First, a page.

Threat is 'no longer theoretical'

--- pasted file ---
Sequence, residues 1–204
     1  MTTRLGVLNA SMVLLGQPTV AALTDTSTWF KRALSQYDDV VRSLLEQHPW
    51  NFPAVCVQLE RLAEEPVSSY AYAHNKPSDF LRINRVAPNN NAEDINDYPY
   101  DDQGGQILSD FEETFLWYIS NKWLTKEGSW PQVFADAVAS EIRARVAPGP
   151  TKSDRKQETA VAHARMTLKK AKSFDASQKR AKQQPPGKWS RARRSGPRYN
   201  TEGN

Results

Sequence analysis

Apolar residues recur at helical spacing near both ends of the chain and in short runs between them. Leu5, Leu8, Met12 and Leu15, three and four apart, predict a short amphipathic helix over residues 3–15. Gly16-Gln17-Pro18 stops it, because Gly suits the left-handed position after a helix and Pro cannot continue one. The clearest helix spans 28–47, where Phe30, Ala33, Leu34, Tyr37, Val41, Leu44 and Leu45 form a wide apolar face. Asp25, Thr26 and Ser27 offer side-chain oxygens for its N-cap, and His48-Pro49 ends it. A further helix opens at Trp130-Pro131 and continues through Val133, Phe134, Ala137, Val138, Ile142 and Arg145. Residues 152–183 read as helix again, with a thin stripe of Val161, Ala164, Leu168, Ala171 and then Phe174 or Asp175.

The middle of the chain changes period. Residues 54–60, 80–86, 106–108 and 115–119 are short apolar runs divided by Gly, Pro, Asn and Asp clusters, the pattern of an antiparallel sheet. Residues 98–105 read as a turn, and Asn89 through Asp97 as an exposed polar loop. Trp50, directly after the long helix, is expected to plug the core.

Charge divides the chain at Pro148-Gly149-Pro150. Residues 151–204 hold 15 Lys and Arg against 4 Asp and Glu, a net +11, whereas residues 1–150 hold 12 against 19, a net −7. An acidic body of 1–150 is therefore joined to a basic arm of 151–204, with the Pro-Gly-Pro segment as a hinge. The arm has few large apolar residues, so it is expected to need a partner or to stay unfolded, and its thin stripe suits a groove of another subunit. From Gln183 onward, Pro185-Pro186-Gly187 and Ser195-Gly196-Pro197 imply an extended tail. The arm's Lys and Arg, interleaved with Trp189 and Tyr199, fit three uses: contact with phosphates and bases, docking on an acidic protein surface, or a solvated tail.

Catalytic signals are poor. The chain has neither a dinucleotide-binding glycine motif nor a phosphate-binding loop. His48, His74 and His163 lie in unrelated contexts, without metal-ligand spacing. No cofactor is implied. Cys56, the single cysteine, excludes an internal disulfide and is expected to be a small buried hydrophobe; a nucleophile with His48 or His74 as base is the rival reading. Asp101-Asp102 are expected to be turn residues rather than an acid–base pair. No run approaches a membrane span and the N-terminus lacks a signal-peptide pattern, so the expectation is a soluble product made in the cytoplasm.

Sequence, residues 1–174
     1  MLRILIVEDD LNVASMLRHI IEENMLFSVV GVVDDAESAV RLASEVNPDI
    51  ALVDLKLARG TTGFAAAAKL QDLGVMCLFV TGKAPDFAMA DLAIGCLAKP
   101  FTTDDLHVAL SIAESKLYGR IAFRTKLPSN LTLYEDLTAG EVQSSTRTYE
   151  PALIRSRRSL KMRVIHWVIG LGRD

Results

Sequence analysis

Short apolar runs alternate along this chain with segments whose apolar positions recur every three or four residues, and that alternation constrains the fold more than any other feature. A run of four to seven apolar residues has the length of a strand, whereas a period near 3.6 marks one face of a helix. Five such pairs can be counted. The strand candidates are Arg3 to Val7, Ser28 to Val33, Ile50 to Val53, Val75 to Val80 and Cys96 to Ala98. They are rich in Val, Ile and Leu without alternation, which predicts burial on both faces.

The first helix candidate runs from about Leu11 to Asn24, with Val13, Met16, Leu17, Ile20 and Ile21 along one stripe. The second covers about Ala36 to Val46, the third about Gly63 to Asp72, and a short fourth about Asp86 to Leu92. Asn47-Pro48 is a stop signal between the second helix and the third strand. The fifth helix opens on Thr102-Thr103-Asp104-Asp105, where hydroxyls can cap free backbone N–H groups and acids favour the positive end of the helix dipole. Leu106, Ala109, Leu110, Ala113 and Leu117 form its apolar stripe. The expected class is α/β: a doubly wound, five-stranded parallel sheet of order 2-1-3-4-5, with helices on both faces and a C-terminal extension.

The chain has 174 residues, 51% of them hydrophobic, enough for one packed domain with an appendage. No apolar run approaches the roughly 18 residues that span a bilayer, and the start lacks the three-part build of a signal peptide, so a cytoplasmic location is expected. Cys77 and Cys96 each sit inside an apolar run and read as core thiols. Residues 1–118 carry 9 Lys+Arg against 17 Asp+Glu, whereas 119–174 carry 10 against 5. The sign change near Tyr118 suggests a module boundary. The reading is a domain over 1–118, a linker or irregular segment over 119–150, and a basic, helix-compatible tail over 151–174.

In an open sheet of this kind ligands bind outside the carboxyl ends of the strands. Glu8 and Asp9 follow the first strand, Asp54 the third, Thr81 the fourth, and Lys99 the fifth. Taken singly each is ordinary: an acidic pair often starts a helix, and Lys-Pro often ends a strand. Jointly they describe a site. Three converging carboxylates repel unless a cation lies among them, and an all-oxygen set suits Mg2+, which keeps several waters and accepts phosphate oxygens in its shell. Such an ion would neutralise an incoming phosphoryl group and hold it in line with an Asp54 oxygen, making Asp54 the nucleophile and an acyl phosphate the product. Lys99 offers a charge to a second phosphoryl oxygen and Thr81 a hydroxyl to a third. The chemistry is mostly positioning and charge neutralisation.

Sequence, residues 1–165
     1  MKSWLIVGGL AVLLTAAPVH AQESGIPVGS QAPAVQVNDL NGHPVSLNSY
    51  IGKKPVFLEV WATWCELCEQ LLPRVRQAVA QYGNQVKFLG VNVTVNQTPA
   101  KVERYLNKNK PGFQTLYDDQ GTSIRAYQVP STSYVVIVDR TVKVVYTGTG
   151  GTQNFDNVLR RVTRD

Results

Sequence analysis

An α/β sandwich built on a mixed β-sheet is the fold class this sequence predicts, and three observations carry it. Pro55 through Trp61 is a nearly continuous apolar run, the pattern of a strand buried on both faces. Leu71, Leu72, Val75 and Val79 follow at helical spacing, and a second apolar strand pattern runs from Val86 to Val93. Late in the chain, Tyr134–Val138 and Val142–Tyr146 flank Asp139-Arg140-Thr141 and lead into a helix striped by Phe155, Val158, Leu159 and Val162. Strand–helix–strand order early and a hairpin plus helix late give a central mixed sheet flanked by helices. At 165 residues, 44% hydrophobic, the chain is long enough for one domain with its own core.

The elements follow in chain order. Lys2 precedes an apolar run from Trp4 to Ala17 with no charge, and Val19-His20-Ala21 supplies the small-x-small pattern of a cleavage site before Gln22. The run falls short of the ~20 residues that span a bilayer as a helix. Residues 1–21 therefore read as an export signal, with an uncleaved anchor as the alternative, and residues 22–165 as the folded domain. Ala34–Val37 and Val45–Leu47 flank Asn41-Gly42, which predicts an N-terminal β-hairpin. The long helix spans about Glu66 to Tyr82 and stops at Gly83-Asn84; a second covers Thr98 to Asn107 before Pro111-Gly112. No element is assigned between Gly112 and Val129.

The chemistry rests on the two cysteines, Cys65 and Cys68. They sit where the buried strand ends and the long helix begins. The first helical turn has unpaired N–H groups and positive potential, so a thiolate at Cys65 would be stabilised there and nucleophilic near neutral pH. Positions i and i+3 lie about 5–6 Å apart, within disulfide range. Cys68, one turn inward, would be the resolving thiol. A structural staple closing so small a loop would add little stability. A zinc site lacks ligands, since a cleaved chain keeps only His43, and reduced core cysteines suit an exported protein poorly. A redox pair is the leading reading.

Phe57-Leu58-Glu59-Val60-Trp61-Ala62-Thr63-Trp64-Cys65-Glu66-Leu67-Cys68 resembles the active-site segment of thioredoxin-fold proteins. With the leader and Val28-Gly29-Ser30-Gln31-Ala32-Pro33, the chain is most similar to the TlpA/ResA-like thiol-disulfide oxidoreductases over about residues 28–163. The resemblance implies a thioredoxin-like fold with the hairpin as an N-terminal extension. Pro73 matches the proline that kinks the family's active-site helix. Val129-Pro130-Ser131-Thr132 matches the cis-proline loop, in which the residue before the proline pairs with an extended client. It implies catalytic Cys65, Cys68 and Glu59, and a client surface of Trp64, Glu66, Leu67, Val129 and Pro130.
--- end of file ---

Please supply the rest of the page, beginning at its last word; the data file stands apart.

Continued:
Before he attended a closed-door briefing in March, Rep. John Mica, chairman of the House aviation subcommittee, admits he had doubted whether shoulder-held missiles posed a serious threat to commercial passenger jets. What he heard changed his mind. “When I came out, I was a believer,” says Mica, a Republican from Florida. The missiles and their launchers, which are about the size of a golf bag, are easy to hide and easy to use. And they have proved to be deadly. They were a cause for concern in Congress and among the nation’s federal security agencies before Tuesday’s arrest of a suspected international arms dealer who allegedly thought he was selling one to terrorists to use against a jet in the USA. After two overseas missile attacks against passenger jets last year, FBI and Department of Homeland Security officials visited 82 of the nation’s largest airports this spring to assess how vulnerable they were to an attack with the missiles, which are called Man Portable Air Defense Systems, or MANPADS. As a result, airports in cities including Los Angeles, Boston, San Francisco, Chicago and Washington stepped up security patrols around their perimeters. The Coast Guard began surveillance on shorelines adjacent to airports. Full Story